Next, it wasn’t the owners who recently announced that the body kits won’t even be ready until halfway through next season anyway, it was IndyCar management. So it seems to me to be prudent to wait until 2013 for body kit choices. Why take delivery of the new car and Dallara bodykit only to throw it to the side halfway through the year? It seems to me that it is the owners that are trying to save IndyCar from doing something stupid.

    It won’t be the first time. Remember the Firestone tire debacle? It was the owners that possibly kept IndyCar from having to shut down next year due to lack of tires. That was IndyCar management failure. The owners deserve some credit for saving IndyCar.

    Also, if Bernard doesn’t like what the owners are doing he could pull a Tony and just run off with Mommy’s money and create a new league. But that probably wouldn’t work because the current league is failing, not because of the owners but because of the management, and there is no more Hulman George money anyway to start a new league.

    IndyCar is on the edge. The owners are just trying to save it. And keep in mind, they aren’t saying they don’t want new body kits, they just want to wait until 2013. We will still have a new car with a new body kit next year (built in Italy, not Indiana due to the fact they haven’t even started to build the new Dallara factory outside the Speedway) and we will have new engines. I say the owners are smart for wanting to make sure things work with this new car and then we can start to tinker around with new body kits.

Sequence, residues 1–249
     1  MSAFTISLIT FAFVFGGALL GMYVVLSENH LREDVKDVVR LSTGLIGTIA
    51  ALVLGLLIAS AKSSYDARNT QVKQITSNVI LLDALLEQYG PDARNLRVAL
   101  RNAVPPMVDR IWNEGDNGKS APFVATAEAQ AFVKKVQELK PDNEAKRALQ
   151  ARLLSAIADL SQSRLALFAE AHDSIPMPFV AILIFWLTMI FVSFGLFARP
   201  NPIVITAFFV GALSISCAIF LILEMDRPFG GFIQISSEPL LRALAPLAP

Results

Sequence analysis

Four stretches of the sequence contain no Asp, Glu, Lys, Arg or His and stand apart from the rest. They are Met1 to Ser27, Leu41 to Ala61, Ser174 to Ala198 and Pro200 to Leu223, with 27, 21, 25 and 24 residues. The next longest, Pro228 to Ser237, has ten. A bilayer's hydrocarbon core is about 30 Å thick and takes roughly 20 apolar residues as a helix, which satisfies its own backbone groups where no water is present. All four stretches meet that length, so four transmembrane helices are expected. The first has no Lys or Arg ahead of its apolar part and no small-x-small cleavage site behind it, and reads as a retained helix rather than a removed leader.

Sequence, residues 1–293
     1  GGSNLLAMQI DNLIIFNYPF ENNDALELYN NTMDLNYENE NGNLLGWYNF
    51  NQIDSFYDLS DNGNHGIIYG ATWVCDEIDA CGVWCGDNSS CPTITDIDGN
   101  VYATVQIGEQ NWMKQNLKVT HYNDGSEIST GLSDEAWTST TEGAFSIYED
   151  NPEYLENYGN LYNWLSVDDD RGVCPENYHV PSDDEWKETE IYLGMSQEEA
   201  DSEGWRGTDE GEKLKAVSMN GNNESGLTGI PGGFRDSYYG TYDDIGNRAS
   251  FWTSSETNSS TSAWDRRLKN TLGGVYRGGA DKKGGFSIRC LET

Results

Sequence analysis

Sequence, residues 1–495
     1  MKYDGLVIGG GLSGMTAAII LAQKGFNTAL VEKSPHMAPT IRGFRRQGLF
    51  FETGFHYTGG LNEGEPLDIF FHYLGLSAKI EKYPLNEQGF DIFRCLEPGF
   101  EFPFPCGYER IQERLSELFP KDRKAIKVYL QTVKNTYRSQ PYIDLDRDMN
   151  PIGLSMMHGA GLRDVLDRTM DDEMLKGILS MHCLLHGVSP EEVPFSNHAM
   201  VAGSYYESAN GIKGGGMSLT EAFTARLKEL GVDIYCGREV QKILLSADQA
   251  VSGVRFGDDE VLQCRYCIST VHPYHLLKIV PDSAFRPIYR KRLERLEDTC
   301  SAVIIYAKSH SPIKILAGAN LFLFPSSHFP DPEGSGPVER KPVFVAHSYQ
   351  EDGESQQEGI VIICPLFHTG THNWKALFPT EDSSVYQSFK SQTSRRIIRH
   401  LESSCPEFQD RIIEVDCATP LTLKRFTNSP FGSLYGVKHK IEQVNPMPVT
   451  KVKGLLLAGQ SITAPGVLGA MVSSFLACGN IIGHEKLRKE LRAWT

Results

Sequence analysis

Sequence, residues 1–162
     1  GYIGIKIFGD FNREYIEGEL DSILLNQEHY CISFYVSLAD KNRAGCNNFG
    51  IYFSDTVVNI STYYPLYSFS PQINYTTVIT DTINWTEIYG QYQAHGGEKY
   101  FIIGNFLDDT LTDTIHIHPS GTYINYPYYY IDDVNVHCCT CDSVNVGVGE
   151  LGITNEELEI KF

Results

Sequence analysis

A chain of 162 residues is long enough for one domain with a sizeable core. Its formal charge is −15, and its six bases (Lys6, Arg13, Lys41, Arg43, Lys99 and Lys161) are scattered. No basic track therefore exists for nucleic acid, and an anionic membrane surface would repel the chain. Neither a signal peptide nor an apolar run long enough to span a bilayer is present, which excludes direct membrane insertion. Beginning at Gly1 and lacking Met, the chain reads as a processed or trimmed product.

If IndyCar has survived this long with only one body style it will survive until 2013. (Or as long as there is money in the Hulman George bank account, whichever comes first.)

    Comment by Gary — May 4, 2011 @ 3:18 pm | Reply

    • Several things:
      1) A.J. was in Brazil. The Versus camera caught him working on Vitor’s car during the red flag (interestingly, when nobody was supposed to be touching the cars at all; apparently, Brian Barnhart and Kevin Blanch didn’t have the heart/gonads to tell A.J. that he was contravening the rules and instead allowed all the other teams to work on their cars…not that I’m blaming Brian or Kevin, becaus I’m not sure I would have done anything different). I just think that A.J. knows what a thorny situation the aero kit thing is shaping up to be and has the brains and perspective to stay out of it.